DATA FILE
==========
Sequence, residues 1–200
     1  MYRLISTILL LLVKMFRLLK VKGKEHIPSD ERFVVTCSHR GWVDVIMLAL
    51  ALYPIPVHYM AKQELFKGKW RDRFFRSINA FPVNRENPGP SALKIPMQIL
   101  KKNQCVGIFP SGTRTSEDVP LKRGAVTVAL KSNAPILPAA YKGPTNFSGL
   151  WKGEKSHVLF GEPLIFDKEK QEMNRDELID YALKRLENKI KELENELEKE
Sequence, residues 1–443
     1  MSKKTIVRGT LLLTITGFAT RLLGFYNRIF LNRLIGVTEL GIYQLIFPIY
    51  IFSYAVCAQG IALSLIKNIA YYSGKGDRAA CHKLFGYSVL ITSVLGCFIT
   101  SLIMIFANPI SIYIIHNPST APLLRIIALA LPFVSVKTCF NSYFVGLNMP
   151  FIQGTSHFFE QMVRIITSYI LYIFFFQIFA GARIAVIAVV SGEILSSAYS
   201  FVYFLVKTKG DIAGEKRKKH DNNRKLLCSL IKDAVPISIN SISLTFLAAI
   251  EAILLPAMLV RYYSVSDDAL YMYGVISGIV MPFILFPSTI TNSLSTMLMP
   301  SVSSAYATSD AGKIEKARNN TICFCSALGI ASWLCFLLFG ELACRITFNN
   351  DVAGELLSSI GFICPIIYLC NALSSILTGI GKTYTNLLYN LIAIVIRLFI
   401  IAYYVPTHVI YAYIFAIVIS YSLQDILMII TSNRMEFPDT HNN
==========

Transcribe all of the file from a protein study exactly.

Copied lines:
Sequence, residues 1–200
     1  MYRLISTILL LLVKMFRLLK VKGKEHIPSD ERFVVTCSHR GWVDVIMLAL
    51  ALYPIPVHYM AKQELFKGKW RDRFFRSINA FPVNRENPGP SALKIPMQIL
   101  KKNQCVGIFP SGTRTSEDVP LKRGAVTVAL KSNAPILPAA YKGPTNFSGL
   151  WKGEKSHVLF GEPLIFDKEK QEMNRDELID YALKRLENKI KELENELEKE
Sequence, residues 1–443
     1  MSKKTIVRGT LLLTITGFAT RLLGFYNRIF LNRLIGVTEL GIYQLIFPIY
    51  IFSYAVCAQG IALSLIKNIA YYSGKGDRAA CHKLFGYSVL ITSVLGCFIT
   101  SLIMIFANPI SIYIIHNPST APLLRIIALA LPFVSVKTCF NSYFVGLNMP
   151  FIQGTSHFFE QMVRIITSYI LYIFFFQIFA GARIAVIAVV SGEILSSAYS
   201  FVYFLVKTKG DIAGEKRKKH DNNRKLLCSL IKDAVPISIN SISLTFLAAI
   251  EAILLPAMLV RYYSVSDDAL YMYGVISGIV MPFILFPSTI TNSLSTMLMP
   301  SVSSAYATSD AGKIEKARNN TICFCSALGI ASWLCFLLFG ELACRITFNN
   351  DVAGELLSSI GFICPIIYLC NALSSILTGI GKTYTNLLYN LIAIVIRLFI
   401  IAYYVPTHVI YAYIFAIVIS YSLQDILMII TSNRMEFPDT HNN